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Underground Animal Tracking & Mapping in 3D

1st October 2011 to 30th September 2014

Wildlife tracking using wireless sensor networks has garnered a great deal of attention and research, since the seminal ZebraNet project monitored zebras with mobile nodes in 2002. However, research to date has concentrated on monitoring animals when they are above ground. It is currently impossible to automatically monitor animals whilst they are underground. The main reason for this is that radio waves are severely attenuated by layers of soil, to the point of being unusable. There is a strong need for a system that can localize burrowing animals when they are within their dens or tunnels, in order to better understand their behaviour and habits. A prime example of this is the European badger - badgers are a protected species in the UK, yet are subject to widespread culling due to their possible link to bovine TB. By monitoring internal sett conditions and animal interactions underground, a better understanding of infection could potentially be obtained.

To tackle these issues, I propose the use of low frequency magnetic fields (i.e. the principle of magneto-induction, MI), which are able to penetrate soil without attenuation, to provide ultra-low power three dimensional localization of wild animals within their burrows. Data from tracking collars will be forwarded by conventional high frequency radio links when the animal is above ground, meaning that the animal does not need to be recaptured to obtain the stored information. By mapping animal movements over time, the subterranean tunnel architecture itself will be determined, something which can currently only be obtained, destructively, through excavation. Sensors within the tunnel will monitor gas concentrations and temperature gradients, which will help to explain how animals achieve suitable ventilation underground and maintain body temperature. To investigate animal behaviour, tracking collars will be equipped with miniature sensors, such as accelerometers and magnetometers, which will record motion and energetics. To reduce data volumes, tracking collars will automatically characterize animal behaviour primitives, such as walking or sleeping. To further increase the rate of "learning" this information, tracking collars will share motion features, forming a distributed knowledge base. Thus, this research proposes a broad animal monitoring and tracking system, which will reveal a complete picture of animal life underground, for the first time.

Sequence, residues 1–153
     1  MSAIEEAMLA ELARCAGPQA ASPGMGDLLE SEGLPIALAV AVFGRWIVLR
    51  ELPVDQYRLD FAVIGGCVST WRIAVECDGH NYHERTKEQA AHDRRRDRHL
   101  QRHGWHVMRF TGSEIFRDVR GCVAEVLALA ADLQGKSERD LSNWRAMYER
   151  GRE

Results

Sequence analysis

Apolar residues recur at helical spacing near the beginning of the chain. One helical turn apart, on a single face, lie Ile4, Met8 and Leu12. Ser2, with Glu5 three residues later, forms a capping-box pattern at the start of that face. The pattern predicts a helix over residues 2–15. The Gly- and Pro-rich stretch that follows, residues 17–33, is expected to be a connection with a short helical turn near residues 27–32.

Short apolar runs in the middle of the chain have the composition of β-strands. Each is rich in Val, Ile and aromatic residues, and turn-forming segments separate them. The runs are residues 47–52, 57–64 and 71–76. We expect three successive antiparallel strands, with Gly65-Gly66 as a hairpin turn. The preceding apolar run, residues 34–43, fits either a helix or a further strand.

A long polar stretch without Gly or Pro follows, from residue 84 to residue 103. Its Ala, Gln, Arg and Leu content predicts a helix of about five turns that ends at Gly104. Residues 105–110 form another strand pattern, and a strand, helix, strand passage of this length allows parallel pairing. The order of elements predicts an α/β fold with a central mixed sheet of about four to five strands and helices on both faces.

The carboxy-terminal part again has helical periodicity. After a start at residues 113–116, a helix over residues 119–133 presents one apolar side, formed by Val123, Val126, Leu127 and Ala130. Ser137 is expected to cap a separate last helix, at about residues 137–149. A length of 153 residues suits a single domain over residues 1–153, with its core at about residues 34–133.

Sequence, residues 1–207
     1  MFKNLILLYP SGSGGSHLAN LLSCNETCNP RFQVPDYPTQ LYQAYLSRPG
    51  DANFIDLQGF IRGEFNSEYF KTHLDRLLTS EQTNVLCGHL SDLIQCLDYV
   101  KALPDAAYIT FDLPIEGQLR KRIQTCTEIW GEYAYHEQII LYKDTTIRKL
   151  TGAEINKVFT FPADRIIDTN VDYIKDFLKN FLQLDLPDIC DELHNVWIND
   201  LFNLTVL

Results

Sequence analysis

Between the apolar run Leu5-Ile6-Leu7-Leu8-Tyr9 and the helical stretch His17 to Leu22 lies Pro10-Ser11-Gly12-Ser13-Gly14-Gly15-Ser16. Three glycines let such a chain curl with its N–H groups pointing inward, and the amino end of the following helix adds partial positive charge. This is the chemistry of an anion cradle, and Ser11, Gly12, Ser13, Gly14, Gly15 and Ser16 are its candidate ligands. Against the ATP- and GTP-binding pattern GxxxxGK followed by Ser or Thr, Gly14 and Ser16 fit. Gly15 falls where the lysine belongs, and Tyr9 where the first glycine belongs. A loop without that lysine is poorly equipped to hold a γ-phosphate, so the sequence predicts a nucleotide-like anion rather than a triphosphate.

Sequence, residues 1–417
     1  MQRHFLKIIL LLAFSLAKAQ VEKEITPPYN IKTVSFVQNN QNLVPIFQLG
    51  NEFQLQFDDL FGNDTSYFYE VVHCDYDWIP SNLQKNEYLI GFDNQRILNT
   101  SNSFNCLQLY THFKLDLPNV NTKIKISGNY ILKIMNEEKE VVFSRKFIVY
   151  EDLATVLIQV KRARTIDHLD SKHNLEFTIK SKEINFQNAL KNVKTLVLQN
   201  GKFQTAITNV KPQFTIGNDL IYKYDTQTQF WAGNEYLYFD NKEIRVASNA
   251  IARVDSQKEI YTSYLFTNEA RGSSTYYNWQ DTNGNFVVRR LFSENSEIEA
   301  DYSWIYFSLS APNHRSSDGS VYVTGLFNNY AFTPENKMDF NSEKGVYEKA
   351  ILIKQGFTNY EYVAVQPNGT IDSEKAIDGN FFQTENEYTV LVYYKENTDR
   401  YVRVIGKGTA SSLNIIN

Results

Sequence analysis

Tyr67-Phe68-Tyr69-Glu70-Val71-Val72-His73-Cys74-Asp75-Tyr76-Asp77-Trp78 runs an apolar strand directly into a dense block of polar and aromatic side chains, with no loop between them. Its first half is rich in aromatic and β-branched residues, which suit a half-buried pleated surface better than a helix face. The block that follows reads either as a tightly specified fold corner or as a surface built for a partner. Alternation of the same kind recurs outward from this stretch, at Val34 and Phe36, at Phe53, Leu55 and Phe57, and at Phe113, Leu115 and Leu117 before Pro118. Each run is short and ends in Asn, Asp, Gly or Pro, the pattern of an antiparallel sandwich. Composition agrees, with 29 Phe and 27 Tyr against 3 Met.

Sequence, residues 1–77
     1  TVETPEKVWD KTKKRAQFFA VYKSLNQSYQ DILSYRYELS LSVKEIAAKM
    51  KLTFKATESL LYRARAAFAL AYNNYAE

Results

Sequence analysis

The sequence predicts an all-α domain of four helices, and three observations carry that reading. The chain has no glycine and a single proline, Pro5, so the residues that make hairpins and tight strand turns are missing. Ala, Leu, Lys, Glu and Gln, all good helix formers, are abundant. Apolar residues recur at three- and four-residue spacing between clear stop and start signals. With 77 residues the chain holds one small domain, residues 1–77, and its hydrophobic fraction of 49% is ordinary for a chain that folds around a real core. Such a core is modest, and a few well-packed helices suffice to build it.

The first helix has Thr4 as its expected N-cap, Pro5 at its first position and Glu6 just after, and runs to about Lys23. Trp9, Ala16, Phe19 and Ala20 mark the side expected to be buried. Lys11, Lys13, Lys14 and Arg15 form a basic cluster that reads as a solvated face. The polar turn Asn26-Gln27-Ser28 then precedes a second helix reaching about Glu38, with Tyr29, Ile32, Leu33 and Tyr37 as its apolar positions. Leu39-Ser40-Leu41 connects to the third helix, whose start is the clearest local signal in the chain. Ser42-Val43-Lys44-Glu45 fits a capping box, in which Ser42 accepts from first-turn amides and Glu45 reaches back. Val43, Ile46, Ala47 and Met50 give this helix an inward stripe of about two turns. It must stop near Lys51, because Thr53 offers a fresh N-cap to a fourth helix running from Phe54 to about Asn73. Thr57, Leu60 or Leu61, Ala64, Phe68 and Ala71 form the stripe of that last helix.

To achieve the goals of the research a close collaboration with the Wildlife Conservation Research Unit at the University of Oxford will be formed. They will guide the design of the tracking collars and attach them to suitable badgers during regular research undertaken in Wytham Woods, Oxfordshire. Their expertise is also vital in framing the research to address biologically relevant questions. Data from this system will also be used by researchers in the University of Cambridge Computing Laboratory, to investigate social contact networks. Ultimately this insight into the detail of badgers' lives will help to unravel the true extent with which they interact with each other, and shed light not just on the behavioural-ecology of this species, but investigate their social systems and address important questions concerning the transmission of disease.


Principal Investigator

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